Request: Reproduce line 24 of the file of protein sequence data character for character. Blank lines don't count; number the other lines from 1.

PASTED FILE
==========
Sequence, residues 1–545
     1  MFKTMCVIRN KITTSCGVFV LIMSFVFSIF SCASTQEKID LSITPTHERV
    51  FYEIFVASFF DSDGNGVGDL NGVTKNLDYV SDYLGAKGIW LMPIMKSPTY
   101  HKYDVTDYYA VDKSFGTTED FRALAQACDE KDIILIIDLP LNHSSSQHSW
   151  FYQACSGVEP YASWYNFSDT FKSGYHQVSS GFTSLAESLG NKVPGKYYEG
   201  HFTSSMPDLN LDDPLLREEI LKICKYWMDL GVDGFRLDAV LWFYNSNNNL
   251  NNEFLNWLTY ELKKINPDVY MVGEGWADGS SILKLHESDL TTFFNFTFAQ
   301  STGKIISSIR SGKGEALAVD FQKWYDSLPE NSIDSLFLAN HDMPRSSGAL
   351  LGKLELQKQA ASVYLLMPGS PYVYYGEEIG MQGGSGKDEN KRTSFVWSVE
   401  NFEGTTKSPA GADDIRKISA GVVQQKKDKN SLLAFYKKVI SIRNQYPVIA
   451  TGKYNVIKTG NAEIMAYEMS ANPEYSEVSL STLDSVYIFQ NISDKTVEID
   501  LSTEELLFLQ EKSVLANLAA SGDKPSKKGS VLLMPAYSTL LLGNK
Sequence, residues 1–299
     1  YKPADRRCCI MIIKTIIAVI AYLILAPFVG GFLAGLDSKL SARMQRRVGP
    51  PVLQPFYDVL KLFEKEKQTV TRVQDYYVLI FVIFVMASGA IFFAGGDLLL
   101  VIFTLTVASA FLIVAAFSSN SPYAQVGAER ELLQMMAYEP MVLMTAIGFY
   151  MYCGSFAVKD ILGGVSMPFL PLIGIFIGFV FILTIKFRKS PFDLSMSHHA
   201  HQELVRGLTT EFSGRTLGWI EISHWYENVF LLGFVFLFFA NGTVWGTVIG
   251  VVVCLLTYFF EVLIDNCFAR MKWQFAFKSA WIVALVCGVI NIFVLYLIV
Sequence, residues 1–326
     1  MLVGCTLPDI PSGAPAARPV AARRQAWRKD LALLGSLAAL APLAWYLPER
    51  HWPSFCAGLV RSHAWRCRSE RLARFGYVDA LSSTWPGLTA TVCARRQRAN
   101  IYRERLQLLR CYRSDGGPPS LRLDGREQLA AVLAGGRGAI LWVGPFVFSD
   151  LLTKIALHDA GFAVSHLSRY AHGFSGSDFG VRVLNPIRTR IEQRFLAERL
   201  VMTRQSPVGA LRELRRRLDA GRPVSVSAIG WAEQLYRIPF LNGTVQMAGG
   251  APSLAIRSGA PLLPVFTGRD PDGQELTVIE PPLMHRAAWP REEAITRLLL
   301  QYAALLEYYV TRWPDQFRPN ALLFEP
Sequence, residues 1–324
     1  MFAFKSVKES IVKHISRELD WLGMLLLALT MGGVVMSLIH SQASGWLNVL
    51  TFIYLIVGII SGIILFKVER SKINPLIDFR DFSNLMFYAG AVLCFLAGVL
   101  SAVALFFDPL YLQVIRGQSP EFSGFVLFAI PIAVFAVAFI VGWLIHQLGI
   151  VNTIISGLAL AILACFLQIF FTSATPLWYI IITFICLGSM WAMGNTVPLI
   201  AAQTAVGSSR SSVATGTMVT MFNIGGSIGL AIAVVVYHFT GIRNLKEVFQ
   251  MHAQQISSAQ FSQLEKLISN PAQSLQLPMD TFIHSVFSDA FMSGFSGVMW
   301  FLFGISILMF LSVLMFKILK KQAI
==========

   151  LLTKIALHDA GFAVSHLSRY AHGFSGSDFG VRVLNPIRTR IEQRFLAERL